If Laura Kenny had been around in 1930s and '40s Hollywood, it's a good bet that this mainstay of Seattle's theatre scene would have been cast in the kind of roles that kept Marjorie Main, Marie Dressler, Thelma Ritter, and other such successful character actresses in demand. As one of Rain City's most adept and amusing character people, Kenny seldom lands a starring role, but she has kept busier than most, essaying a series of housemaids and housekeepers, including Della in Intiman's The Royal Family, Mrs. Pearce in Seattle Repertory Theatre's Pygmalion, and Mrs. Medlock in 5th Avenue Theatre's The Secret Garden. Earlier on, she was a grand and imperious Eulalie Mackechnie Shinn, the mayor's wife, in 5th Avenue's The Music Man, and a hilarious harridan of a Giant's Wife in Seattle Children's Theatre's musical Jack & the Beanstalk, and she worked as an understudy and principal for much of the 1980s in Chad Henry's long-running hit Seattle musical Angry Housewives. At the moment, however, Kenny is relishing taking centerstage as Mag, the shrewish old Irish mother, in Tacoma Actors Guild's The Beauty Queen of Leenane, and has some high-visibility film work on the horizon with a featured supporting role in the upcoming original Stephen King miniseries Rose Red.
"In Rose Red," said Kenny during a recent interview, "I play Kay Waterman, a single parent with a grown son whom she treats like he's 10. She has a bad shopping habit—she collects teddy bears, and she's constantly buying stuff. The way I'm able to support my shopping habit is through my son [played by Matt Ross] who makes money as a psychic. He doesn't totally enjoying doing it, but he's under my thumb. He goes to this mysterious mansion, Rose Red, and when I can't get hold of him I go there, and all kinds of horrible things happen!"
Though the film took more than four months to shoot, Kenny had a ball, particularly when acting with Judith Ivey ("I got to jump out of a closet and scare her!"), Julian Sands, Kevin Tighe, and leading lady Nancy Travis. "As it went along, it just got more exciting and more exciting," she said, beaming. "And my part grew as it went along, so I'm told I'm going to get main title credit, which is thrilling."
The unexpected and sudden demise of actor David Dukes during shooting touched Laura, and the whole cast, deeply. "He was a wonderful actor and a wonderful person. He was extremely knowledgeable about what shots they were setting up. He just loved his family and would talk about them all the time. It was just shocking. I was supposed to shoot with him the next day. We already had a call time; when I called to check in they were just finding out that he had died, and shooting was cancelled. His work will stay in, but it was very bittersweet."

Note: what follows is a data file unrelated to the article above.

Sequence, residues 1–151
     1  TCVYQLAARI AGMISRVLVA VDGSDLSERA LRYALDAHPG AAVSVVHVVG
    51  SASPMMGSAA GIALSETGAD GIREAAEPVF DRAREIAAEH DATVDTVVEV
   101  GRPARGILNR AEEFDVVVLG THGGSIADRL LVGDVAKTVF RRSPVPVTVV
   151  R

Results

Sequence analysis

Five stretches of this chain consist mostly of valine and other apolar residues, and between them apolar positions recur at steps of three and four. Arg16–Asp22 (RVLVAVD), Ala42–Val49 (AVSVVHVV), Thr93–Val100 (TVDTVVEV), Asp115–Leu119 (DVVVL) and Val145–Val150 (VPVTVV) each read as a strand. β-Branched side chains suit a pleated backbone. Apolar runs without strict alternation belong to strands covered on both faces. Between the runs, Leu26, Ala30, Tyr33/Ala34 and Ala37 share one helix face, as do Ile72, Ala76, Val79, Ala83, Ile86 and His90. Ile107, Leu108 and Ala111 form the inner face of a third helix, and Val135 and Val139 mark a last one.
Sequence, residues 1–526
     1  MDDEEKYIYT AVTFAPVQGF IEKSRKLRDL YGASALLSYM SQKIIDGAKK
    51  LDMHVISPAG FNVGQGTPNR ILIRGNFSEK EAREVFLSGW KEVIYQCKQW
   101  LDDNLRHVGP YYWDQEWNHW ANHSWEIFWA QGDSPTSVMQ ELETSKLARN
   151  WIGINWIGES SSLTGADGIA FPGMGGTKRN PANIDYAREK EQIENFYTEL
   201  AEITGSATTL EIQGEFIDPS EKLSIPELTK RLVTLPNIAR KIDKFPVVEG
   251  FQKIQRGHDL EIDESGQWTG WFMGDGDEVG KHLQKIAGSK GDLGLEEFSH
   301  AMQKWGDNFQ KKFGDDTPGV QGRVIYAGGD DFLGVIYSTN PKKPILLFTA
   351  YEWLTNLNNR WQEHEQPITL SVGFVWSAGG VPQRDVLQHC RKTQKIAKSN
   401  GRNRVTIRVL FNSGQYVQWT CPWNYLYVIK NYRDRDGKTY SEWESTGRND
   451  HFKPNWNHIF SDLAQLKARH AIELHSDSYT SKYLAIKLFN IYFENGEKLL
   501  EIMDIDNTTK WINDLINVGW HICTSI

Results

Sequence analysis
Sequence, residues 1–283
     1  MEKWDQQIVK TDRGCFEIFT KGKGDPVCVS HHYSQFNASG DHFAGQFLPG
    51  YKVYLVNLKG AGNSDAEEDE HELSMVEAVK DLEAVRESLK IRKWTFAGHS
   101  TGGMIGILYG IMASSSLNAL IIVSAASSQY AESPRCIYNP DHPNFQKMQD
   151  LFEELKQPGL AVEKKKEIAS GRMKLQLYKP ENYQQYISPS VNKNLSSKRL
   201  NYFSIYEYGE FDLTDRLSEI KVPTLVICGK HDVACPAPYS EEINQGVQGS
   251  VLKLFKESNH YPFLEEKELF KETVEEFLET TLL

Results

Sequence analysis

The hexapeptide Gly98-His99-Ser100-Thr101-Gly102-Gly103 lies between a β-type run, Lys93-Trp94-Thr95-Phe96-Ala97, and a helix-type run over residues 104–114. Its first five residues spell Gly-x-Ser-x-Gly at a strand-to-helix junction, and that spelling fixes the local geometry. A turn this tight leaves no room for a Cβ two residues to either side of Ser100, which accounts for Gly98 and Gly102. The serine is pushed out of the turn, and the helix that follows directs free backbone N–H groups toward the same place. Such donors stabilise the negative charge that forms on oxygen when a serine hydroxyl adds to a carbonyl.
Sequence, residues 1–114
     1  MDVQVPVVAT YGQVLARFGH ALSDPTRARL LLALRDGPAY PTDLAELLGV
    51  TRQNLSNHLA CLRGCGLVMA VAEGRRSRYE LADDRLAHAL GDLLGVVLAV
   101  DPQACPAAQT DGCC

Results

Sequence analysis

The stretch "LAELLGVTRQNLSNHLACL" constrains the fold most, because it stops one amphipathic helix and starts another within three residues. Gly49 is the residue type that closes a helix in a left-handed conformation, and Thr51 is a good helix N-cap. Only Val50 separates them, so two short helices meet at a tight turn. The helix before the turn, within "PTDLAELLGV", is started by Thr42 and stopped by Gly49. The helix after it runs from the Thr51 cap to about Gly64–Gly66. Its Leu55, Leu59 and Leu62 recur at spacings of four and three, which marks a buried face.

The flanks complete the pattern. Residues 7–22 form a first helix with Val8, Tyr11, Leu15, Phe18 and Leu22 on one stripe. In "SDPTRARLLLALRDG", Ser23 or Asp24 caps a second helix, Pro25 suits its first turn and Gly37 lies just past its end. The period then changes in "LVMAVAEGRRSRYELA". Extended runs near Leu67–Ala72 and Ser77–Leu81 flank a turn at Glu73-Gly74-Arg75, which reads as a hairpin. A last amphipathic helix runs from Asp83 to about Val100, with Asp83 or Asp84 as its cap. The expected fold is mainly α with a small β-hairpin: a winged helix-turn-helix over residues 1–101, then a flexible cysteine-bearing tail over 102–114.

Kenny came to the role of Mag in The Beauty Queen of Leenane at TAG well acquainted with the role, having understudied it at Seattle Repertory Theatre in 1999. "Now I'm getting to work at the role from the ground up, versus watching someone else do it, trying to match their work, trying to blend in as seamlessly as possible. So it's a totally different process. But I knew the script and the accent, so it was great to come into this with all of that behind me."
It seems that it might help an actor to like her character, but Kenny finds Mag a tough cup of Irish coffee to warm up to. "I try always to find something to like about my characters. I describe many of my ladies as being horribly misunderstood. Mag fits that category. I think that maybe there were things to like about her years before, and a lot of those things have gone away because of her need to be taken care of, and she'll pursue that at any length." Laura has great fondness, however, for Stephanie Shine, her onstage daughter in Beauty Queen. She played the Nurse to Shine's Juliet in Romeo and Juliet 10 years ago.
Kenny came to Washington many years ago from Las Vegas and has worked nearly every playhouse in the Seattle/ Tacoma area, many of them repeatedly. She mourns the loss of the Bathhouse, Alice B. Theatre, and the Group Theatre, and has realized that with the changing artistic regimes at the theatres, actors have to keep proving themselves over and over again. "But that's just the nature of the business. And I've managed to make more than half my living doing what I love best."
And what dream roles are still out there? "Well, Mary Tyrone in Long Day's Journey Into Night, and Martha in Who's Afraid of Virginia Woolf? I don't know if I'd be a good Mary, but I'd sure enjoy the adventure. I've loved those roles since I was a much younger actress. I'd like the opportunity to give either one a try!"